What Was the Albigensian Crusade?


Quick Answer

The Albigensian Crusade was a religious war pitting Catholics against the heretical Cathars of southern France. Initiated by Pope Innocent III in 1209, the Albigensian Crusade lasted until 1229.

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Catharism, also known as Albigensianism after the city of Albi in southern France, was a religious movement teaching that the world was a battle between good, which was spiritual, and evil, which was physical. Because many of Catharism's teachings contradicted orthodox Catholic doctrine, the Catholic Church began to suppress the Cathars, first through persuasion and preaching and finally, after a prominent Cathar noble murdered a papal legate 1208, through a Crusade in southern France, the heartland of Catharism.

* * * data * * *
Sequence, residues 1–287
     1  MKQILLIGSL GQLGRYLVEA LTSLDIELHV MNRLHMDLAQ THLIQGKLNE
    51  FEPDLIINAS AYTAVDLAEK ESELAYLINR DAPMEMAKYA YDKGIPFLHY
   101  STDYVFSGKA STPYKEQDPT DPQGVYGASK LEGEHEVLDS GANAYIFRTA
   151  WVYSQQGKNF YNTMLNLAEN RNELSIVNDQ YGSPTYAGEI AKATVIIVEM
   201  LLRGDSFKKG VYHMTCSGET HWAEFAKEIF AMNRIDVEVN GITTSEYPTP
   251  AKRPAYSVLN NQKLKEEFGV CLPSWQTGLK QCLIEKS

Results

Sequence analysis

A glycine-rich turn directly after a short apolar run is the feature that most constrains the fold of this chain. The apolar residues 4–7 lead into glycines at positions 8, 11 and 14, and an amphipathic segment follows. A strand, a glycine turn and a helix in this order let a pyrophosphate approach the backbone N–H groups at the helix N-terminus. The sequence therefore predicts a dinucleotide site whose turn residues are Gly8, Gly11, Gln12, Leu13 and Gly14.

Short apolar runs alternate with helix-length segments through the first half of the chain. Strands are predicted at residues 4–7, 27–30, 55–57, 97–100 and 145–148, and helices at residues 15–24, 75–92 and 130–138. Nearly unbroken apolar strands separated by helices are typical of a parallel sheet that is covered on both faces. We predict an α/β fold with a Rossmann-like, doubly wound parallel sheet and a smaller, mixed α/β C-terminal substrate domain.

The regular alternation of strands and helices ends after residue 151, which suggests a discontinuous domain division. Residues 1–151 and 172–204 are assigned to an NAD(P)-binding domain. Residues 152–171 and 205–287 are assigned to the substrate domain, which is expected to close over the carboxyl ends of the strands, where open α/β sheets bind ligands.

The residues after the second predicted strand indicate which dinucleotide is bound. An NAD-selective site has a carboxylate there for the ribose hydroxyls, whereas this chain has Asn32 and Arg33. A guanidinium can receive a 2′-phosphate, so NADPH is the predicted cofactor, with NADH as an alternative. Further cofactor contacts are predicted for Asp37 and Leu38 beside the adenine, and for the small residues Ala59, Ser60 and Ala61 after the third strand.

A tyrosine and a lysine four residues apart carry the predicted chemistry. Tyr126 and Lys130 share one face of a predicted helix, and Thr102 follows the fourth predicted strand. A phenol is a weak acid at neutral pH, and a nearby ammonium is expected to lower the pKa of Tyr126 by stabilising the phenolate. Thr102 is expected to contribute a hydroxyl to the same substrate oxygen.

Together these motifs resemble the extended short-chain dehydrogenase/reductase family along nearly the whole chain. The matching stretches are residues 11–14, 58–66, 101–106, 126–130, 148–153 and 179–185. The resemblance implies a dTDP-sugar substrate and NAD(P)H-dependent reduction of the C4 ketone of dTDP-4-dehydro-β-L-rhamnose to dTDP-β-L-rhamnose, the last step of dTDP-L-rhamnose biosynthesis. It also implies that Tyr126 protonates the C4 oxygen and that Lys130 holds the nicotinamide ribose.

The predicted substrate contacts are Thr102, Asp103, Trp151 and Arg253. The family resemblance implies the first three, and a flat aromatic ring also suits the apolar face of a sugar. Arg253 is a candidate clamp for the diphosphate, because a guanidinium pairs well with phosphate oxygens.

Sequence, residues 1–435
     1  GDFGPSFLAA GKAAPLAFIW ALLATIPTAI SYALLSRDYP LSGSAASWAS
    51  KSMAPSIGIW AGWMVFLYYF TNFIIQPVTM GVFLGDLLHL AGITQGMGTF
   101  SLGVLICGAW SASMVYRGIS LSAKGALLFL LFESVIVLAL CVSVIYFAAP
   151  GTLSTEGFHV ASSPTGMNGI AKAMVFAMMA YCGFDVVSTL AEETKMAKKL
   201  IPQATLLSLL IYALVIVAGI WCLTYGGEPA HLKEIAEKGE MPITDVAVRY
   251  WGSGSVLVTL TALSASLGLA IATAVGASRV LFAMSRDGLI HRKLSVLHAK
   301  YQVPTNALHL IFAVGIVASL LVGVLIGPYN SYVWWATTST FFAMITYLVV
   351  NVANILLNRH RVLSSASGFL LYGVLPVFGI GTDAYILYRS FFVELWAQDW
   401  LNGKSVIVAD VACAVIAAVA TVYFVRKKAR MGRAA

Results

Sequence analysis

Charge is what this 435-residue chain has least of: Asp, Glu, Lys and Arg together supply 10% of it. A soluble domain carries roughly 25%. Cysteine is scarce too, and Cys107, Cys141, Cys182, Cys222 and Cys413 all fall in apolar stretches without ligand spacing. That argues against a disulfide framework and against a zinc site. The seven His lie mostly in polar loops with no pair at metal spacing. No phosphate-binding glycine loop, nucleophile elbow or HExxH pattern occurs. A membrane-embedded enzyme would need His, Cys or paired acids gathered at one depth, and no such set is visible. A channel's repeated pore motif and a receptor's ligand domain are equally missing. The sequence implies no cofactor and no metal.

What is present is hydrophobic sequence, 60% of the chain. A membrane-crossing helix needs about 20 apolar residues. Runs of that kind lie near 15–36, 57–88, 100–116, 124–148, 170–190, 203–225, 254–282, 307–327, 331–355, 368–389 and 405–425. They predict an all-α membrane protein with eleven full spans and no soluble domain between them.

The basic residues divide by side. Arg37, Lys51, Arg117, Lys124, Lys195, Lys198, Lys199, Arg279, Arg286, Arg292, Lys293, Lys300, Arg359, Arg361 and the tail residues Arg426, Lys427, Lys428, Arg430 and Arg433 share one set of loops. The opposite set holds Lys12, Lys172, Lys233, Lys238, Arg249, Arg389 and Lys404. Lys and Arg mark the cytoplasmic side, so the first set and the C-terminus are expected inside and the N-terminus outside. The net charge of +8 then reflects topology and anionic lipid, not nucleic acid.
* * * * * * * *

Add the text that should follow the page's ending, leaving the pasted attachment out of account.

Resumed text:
By 1215, the Crusaders had conquered most of the Cathar lands, converting the Cathars and executing or banishing those who refused to convert. However, resistance to the Crusade began to coalesce around Raymond VII of Toulouse, who beat back the Crusaders and by 1226 had reconquered much of the territory that the Cathar forces had lost. Sensing an opportunity, the French king, Louis VIII, entered the Albigensian Crusade in 1226, crushing the Cathar forces and persuading Raymond to sign the Treaty of Paris in 1229. This document ended the war but forced Raymond to cede all his land to the French throne upon his death. In this way, the Albigensian Crusade helped establish the power of the French king in Toulouse.

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